The second lonely person is Alma Singer, a fourteen-year-old girl named after a character in little-known Spanish novel called The History of Love. Alma is obsessed with learning how to survive in the wild, and with trying to stop her brother Bird's budding religious fanaticism from isolating him. Alma's mother, a widow, is a translator, and receives a letter from a man called Jacob Moritz, who asks her if she can translate The History of Love into English for him, naming a very high price. Her mother agrees, and Alma begins to wonder if Jacob Moritz is the man who can cure her mother's loneliness. Soon, she begins the search for her namesake, the Alma of The History of Love. Her search for Alma is interwoven with Leo's search for meaning, and interwoven with all of this is the surprising story of the original manuscript of The History of Love.
I love, love, love books about books. I mentioned this in my review of Jane Austen Ruined My Life. This isn't quite literary intrigue like that book or like Possession, my favorite of the genre, but it's a really involving story about a book that has changed lives. I cared about the characters, definitely, but in a way, I cared about the book more! Alma and Leo are our narrators, but there are also sections about The History of Love itself, and I enjoyed those passages the most.
This is one of the most beautifully written books I've read in a long time. Certain passages really struck me and I found myself really thinking about them. One of my favorites comes from the first section about Zvi Litvinoff, author of the titular book: "These things are lost to oblivion like so much about so many who are born and die without anyone taking the time to write it all down. That Litvinoff had a wife who was so devoted is, to be frank, the only reason anyone knows anything about him at all" (pg 70). The voices of all our narrators are clear and distinct, most especially Leo's, but I also loved the way Alma's chapters were done, with numbered headings expressing a thought that would then lead into a small vignette. I'm a sucker for multiple narrators, and the device worked very well here, since it was the thing weaving the separate storylines, all related to The History of Love together. Even the idea of "the history of love" had me intrigued before I even read the book! Krauss definitely has a way with evocative phrases.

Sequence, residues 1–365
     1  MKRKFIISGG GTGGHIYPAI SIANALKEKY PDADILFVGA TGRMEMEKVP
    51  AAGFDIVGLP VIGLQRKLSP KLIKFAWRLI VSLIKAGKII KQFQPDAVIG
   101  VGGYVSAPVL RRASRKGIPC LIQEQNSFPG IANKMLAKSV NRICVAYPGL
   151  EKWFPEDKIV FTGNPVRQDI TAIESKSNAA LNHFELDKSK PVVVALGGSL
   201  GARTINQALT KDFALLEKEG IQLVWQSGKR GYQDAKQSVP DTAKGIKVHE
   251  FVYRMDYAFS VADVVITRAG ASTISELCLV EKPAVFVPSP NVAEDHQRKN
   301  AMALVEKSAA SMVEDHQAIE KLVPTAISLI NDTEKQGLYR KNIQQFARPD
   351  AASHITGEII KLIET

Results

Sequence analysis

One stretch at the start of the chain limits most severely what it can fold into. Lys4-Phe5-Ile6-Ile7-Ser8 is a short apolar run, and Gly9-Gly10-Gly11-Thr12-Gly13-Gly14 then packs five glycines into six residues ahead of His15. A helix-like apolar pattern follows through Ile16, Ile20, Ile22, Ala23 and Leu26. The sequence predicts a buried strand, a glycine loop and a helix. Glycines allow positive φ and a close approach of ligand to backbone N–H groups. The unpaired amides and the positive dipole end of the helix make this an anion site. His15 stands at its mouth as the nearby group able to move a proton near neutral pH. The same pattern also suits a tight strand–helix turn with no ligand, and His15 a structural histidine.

I liked how nothing about this book ever really seemed conventional, or at least, not to me, it didn't. The history of the titular book is convoluted and interesting, and the lives of Leo and Alma are well-drawn and fascinating to read about. I got a real sense of Judaism (which I'm lucky enough to be a part of!) as I read it, but it never felt too overwhelming. I liked almost all of the characters and enjoyed spending time with them.
I suppose one could say that there isn't really too much of a plot here, besides Alma's quest to find her namesake, but I enjoyed the ride so much because it was written so well. One thing I did want towards the end was more resolution--I wouldn't have minded the book being longer, though I understand why it ended where it did. I found myself missing the characters and wanting to know what happened beyond the end. Even if the end seemed abrupt to me, I enjoyed every second of this book and am now eager to get my hands on Great House, Krauss' new book. I highly recommend this one to lovers of books about books and to people looking for well-written fiction.